For as long as I can remember, people have bemoaned the ever-accelerating consolidation of the video game industry. For much of the past two decades, small-to-mid-size game developers have been going bust as industry behemoths like EA grow ever more dominant. For those who have followed the industry, it’s an ever-present trend and one that is not likely to abate anytime soon.
However, the second decade of the twenty-first century has given rise to a phenomenon that could be seen as a countervailing force to this trend; a social media-powered boat, gamely pushing upstream against The Market’s unloved current. Crowdfunding pools the resources of those who want a piece of the next big thing, delivering grassroots funding to projects that would otherwise struggle to get funding.
Anyone with a cursory familiarity with crowdfunding could tell you what Kickstarter (see our review) and GoFundMe (see our review) are, but lesser-known specialty crowdfundersÂ continue to pop up, catering to the particulars of individual industries.
Enter Fig. Launched in 2015 in San Francisco, Fig is a platform on which independent game developers and mid-size game studios can get video games crowdfunded. However, Fig is more than just a “Kickstarter for Video Games.”
It’s a unique crowdfunding systemÂ and one that presents unique challenges to those looking to use crowdfunding to finance their gaming dreams. Let’s go through what you need to know before using Fig’s crowdfunding platform for gameÂ developers.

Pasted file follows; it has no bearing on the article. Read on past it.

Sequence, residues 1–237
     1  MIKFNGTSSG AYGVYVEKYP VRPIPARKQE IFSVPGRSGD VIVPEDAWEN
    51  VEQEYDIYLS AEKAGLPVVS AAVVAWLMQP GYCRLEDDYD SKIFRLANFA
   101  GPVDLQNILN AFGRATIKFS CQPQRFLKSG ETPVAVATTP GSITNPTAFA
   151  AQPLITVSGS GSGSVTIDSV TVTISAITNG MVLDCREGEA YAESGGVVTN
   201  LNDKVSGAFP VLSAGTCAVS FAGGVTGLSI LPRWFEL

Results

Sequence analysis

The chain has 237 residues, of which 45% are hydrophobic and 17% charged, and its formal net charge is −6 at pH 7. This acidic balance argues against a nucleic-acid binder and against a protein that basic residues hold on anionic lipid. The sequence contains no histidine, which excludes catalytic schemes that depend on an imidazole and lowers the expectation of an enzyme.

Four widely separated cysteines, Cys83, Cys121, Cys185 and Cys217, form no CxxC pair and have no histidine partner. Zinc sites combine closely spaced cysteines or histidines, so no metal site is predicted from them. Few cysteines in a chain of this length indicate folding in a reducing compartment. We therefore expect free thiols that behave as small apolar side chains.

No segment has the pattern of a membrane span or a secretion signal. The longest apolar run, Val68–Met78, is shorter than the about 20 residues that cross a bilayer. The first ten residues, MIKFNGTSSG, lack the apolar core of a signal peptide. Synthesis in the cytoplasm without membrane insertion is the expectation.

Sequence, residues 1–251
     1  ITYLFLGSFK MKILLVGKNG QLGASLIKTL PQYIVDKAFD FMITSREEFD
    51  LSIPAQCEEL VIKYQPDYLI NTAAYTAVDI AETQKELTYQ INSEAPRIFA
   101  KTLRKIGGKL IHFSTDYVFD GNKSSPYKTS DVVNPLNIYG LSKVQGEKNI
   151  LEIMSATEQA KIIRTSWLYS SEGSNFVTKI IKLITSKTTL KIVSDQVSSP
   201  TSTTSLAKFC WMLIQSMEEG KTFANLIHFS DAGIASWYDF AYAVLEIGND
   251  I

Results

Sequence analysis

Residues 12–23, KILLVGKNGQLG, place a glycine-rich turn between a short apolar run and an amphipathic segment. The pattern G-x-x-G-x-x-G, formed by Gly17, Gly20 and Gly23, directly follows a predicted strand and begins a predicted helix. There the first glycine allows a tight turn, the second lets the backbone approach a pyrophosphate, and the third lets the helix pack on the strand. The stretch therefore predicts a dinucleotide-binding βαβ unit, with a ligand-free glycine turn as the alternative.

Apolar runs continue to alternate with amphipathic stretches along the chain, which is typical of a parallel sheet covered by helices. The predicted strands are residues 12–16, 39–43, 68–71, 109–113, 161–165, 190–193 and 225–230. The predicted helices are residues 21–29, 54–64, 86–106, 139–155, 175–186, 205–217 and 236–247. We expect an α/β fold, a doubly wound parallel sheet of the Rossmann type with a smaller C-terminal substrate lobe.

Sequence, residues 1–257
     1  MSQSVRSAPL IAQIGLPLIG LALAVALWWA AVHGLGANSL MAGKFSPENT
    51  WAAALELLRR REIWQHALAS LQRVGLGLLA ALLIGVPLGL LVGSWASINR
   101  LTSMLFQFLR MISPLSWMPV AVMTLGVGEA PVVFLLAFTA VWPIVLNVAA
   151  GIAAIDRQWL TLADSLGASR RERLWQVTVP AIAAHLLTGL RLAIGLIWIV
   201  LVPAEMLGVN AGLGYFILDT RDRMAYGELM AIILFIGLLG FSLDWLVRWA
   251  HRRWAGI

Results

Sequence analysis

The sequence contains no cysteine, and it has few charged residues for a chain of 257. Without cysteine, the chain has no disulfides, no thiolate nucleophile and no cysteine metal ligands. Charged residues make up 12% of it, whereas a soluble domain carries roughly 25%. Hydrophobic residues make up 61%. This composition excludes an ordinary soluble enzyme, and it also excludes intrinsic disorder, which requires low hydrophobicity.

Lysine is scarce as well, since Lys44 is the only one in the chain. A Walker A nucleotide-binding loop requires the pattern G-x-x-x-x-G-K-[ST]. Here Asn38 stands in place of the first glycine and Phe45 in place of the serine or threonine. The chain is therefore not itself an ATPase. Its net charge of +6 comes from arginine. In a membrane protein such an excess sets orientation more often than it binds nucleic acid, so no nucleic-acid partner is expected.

1) Fig Provides Both Rewards Crowdfunding & Equity Crowdfunding For Video Games
With Fig, you can set up a crowdfunding campaign for your incipient game project that gives the would-be backer two options: back a traditional rewards crowdfunding campaign in exchange for a copy of the game, branded swag, expansion packs, etc., or back an equity crowdfunding campaignÂ in which the backer becomes anÂ investor who buys Fig Game Shares and thereby stands to profit from future sales of the game.
Actually, I lied. The backer also has a third option: back both!
You probably have a decent handle on what rewards crowdfunding is, but with Fig’s equity crowdfunding, investors fund your game’s development by buying Fig Game Shares (more on how Fig Game Shares work later). At the end of the process, the profits from sales of your game are divided between your company, Fig, and the equity investors who bought Fig Game Shares in your game
2) You Can Run Both A Rewards And An Equity Campaign Or Just A Rewards Campaign
I said in the introduction that Fig wasn’t just “Kickstarter for video games.” However, if you’re not trying to raise six or seven digits’ worth or capital, you can, in fact, treat Fig as if it were Kickstarter and just run a rewards crowdfunding campaign. Describe/show off your cool game, offer various rewards for different tiers of support, and hope to raise your goal within your funding period.
However, most Fig campaigners opt to run both a rewards campaign and an equity campaign concurrently. This way, you can attract support from the more casual backer who may want to see your game produced and ultimately receive a copy, as well as the investor who sees profit potential in your game idea and wants to support it in exchangeÂ for a cut of future sales.